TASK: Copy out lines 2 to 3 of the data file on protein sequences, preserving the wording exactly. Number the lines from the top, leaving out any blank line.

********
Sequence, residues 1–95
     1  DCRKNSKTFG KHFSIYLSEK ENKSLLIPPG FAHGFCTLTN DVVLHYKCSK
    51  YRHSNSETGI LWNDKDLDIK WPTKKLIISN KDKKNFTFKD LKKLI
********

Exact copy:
     1  DCRKNSKTFG KHFSIYLSEK ENKSLLIPPG FAHGFCTLTN DVVLHYKCSK
    51  YRHSNSETGI LWNDKDLDIK WPTKKLIISN KDKKNFTFKD LKKLI